These areas generally suffer from high unemployment, poor living conditions, the inexistence of infrastructure and a lack of public services such as healthcare, water and electricity.
Dangers of the trade
Over a quarter of the children who have been deported back to Yemen by Saudi authorities say they faced hunger and physical violence while abroad. Some 65 percent of them ended up living on the streets or sleeping in mosques or abandoned buildings during the course of their travels, according to UNICEF.
Some found jobs cleaning cars or washing dishes, while a large number was forced to beg. Those who do find jobs are often unpaid, or forced to hand over their meager pay to their traffickers.
Children’s biggest worry is being caught by Saudi border guards who often put them in jails with adult prisoners where they can face further abuse.
In an effort to alleviate the problem, the Yemeni government, in cooperation with UNICEF and the International Labour Organisation, set up a reception centre this year at the Haradh border area, 400 km to the west of Sana, to receive the returnees.
Since its launch in May, the centre has received 320 children, according to al-Jubairi.
Before the establishment of the centre, trafficked children had nowhere to go after being deported, and generally ended up in orphanages or on the street, according to UNICEF. “Now they are received, rehabilitated and given some education,” said Ur-Rehman.
Parents are also contacted by the social affairs and labour ministry and asked to collect their child – but only after signing an agreement pledging not to risk their lives again.
Occasionally, if parents are found to have been particularly negligent, they are prosecuted, according to the ministry.
Traffickers, if found, are always arrested and prosecuted, officials say.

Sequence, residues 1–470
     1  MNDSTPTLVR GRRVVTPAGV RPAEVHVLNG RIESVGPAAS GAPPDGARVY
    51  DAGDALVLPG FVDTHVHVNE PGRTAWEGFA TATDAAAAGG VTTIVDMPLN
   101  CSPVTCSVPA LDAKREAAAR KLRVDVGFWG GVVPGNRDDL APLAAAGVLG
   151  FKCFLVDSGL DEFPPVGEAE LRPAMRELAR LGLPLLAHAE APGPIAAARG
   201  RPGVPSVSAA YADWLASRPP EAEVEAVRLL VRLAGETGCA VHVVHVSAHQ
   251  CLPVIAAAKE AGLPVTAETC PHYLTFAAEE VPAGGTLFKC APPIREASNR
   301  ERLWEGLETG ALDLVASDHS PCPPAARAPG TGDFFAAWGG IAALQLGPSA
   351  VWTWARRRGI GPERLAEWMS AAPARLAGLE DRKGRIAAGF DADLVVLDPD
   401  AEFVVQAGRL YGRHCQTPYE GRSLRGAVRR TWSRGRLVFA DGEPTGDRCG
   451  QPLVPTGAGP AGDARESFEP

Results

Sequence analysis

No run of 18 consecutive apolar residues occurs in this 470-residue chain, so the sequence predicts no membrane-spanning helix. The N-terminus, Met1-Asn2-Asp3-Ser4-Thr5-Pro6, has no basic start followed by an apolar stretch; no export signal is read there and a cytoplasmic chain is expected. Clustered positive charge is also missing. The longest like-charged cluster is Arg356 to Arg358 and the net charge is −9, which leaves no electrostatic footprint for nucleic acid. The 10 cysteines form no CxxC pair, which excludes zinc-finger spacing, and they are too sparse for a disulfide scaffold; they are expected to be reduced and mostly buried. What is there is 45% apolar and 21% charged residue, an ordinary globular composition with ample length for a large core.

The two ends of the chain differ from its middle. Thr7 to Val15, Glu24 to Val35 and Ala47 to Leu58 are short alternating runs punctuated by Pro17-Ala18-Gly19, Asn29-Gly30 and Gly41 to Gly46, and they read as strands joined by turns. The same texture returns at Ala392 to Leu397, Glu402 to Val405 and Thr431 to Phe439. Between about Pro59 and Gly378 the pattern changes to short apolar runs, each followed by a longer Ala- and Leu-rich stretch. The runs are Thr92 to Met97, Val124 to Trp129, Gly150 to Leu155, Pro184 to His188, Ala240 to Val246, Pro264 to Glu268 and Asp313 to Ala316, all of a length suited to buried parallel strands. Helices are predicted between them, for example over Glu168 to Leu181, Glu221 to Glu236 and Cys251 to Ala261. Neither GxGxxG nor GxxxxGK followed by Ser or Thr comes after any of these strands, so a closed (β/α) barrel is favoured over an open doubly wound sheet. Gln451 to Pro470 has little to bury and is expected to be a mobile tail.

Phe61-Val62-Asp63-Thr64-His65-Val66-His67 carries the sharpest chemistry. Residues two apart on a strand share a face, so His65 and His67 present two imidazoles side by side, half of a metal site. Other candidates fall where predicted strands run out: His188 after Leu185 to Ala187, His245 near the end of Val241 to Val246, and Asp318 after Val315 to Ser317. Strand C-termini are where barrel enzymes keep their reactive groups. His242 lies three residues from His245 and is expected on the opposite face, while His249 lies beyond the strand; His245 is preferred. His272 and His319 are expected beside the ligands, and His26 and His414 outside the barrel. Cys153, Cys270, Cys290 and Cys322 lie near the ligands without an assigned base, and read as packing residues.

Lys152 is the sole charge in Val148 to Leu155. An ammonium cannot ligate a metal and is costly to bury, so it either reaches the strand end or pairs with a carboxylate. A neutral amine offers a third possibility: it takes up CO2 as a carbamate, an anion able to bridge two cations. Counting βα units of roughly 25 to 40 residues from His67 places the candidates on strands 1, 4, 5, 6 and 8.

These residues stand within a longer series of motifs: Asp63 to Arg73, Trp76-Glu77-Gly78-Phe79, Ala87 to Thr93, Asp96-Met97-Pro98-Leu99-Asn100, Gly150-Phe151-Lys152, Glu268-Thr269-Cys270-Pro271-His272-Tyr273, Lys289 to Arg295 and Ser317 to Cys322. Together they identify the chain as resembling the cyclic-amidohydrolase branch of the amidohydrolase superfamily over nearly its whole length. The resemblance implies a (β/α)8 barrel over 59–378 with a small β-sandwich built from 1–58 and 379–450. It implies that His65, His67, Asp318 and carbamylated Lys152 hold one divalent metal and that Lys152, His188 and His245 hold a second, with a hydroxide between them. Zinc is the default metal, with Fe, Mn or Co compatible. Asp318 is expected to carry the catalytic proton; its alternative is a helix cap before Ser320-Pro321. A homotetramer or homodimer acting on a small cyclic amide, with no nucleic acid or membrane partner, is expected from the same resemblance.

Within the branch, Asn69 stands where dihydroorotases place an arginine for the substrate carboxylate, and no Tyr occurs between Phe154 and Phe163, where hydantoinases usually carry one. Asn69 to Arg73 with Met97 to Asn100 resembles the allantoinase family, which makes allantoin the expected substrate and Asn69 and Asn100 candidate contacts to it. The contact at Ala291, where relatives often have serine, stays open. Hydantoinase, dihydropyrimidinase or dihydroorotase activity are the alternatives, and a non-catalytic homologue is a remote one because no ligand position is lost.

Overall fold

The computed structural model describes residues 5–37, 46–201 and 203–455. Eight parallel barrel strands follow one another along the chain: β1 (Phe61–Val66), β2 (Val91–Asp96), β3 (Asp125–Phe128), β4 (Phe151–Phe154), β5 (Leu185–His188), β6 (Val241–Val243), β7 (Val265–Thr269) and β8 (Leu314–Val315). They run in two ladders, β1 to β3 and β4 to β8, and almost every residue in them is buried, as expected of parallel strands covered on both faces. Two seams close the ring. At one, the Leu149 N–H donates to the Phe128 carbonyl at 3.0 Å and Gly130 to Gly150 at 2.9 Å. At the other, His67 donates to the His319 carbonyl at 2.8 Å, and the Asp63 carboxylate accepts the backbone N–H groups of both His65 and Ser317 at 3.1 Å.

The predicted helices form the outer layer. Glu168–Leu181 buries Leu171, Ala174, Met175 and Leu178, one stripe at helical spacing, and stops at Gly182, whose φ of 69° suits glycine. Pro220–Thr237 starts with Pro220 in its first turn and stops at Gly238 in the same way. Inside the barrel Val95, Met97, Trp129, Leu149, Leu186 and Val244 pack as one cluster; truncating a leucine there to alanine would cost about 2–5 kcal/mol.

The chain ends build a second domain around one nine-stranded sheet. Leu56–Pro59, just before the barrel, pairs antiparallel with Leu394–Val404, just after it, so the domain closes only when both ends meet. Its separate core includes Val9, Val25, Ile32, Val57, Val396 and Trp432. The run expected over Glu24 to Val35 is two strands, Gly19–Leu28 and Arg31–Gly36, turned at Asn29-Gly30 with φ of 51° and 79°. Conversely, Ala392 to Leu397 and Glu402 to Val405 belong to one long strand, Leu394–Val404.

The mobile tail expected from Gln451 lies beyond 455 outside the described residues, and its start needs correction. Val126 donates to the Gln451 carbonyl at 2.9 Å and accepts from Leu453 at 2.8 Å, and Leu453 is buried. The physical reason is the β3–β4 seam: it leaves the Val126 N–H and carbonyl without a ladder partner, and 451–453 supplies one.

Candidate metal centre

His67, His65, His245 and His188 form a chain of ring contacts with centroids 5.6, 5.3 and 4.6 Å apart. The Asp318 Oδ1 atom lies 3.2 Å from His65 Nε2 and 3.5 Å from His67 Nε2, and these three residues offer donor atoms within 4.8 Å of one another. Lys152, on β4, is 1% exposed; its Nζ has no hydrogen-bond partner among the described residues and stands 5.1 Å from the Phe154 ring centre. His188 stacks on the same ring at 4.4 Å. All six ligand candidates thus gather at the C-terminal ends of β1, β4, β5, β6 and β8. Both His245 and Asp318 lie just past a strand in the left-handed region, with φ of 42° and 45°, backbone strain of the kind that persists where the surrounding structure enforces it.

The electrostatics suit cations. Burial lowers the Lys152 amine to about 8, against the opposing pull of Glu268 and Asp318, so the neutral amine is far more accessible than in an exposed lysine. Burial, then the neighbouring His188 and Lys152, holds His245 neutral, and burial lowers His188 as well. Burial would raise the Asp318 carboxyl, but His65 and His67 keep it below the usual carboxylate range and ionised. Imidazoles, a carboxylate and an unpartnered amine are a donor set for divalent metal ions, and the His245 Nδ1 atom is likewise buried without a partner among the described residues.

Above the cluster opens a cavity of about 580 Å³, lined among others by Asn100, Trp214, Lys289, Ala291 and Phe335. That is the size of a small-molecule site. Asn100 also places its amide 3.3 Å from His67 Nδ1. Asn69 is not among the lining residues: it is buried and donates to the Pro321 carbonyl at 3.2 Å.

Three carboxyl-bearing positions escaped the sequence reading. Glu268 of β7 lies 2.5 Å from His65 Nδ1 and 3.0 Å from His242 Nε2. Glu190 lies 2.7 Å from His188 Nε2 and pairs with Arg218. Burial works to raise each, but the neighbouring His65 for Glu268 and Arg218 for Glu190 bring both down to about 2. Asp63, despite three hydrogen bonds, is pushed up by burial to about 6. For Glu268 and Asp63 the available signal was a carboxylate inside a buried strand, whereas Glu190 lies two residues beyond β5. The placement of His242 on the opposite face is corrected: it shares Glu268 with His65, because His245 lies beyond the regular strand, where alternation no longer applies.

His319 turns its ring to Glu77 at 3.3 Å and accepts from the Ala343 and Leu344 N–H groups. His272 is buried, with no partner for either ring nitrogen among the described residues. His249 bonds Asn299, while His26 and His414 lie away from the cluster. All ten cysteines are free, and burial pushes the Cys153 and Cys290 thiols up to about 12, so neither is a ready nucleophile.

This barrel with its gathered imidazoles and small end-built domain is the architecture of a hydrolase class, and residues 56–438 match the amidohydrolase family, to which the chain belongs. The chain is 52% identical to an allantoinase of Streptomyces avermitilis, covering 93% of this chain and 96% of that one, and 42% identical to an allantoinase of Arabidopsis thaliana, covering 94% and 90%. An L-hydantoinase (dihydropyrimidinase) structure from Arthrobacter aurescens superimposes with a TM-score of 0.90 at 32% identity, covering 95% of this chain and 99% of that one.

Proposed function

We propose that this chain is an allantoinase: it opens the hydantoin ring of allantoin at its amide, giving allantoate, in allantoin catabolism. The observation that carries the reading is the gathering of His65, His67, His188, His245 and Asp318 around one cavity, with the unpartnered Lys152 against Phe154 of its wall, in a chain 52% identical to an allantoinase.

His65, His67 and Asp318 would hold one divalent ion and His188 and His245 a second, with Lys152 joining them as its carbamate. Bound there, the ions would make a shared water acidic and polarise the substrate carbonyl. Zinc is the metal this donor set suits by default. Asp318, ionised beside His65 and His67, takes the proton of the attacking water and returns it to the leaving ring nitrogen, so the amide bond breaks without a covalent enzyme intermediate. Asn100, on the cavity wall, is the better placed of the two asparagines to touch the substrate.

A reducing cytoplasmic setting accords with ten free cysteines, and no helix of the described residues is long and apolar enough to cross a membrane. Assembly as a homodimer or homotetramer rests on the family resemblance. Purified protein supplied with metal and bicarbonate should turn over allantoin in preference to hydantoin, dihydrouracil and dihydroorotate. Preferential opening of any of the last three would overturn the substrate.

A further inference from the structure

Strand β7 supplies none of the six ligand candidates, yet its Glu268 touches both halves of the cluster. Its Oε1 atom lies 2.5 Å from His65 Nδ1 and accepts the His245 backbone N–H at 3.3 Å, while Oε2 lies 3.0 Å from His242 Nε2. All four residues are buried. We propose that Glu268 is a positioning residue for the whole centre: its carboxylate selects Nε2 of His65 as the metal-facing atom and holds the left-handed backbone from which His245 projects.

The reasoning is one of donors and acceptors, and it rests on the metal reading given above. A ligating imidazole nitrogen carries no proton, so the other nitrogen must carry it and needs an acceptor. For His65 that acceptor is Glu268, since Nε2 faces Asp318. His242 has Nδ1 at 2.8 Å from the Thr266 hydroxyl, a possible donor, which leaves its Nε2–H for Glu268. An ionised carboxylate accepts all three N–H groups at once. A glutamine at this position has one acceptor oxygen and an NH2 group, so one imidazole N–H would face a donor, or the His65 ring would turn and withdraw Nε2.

The court of Hajja, for example, recently sentenced the parents of 13 children to a year in jail, while traffickers receive sentences of between three and five years in prison each.
Social workers note that stiffer penalties serve to deter the practice noticeably. “It has tremendously reduced trafficking to Saudi Arabia,” said al-Jubairi. “The number of children we’re receiving at the centre is going down by 80 per cent.”
In the meantime, a local state-run radio is broadcasting programmes for families aimed at raising awareness of the issue.
Following recent debates on the subject, the Yemeni cabinet also announced its intention to present legislation to parliament aimed at criminalising the trafficking of children and determining suitable penalties for those responsible, said al-Jubairi.
But aid workers say not enough is being done to combat the illegal trade, which violates international law on child trafficking as well as illegal immigration.
Despite Yemen’s ratification of the Convention on the Rights of the Child (CRC) in 1991, national law does not contain specific provisions on the sale of children, child prostitution and child trafficking, according to UNICEF.
Aid workers note that the criminalisation of such practices is a key first step in combating them.